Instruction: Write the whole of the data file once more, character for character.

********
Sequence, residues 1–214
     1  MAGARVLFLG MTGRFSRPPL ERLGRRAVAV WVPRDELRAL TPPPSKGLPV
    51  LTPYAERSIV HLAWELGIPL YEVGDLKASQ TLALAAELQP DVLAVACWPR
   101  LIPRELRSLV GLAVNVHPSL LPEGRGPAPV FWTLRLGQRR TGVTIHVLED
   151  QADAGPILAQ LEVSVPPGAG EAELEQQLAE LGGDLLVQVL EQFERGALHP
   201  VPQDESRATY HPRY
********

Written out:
Sequence, residues 1–214
     1  MAGARVLFLG MTGRFSRPPL ERLGRRAVAV WVPRDELRAL TPPPSKGLPV
    51  LTPYAERSIV HLAWELGIPL YEVGDLKASQ TLALAAELQP DVLAVACWPR
   101  LIPRELRSLV GLAVNVHPSL LPEGRGPAPV FWTLRLGQRR TGVTIHVLED
   151  QADAGPILAQ LEVSVPPGAG EAELEQQLAE LGGDLLVQVL EQFERGALHP
   201  VPQDESRATY HPRY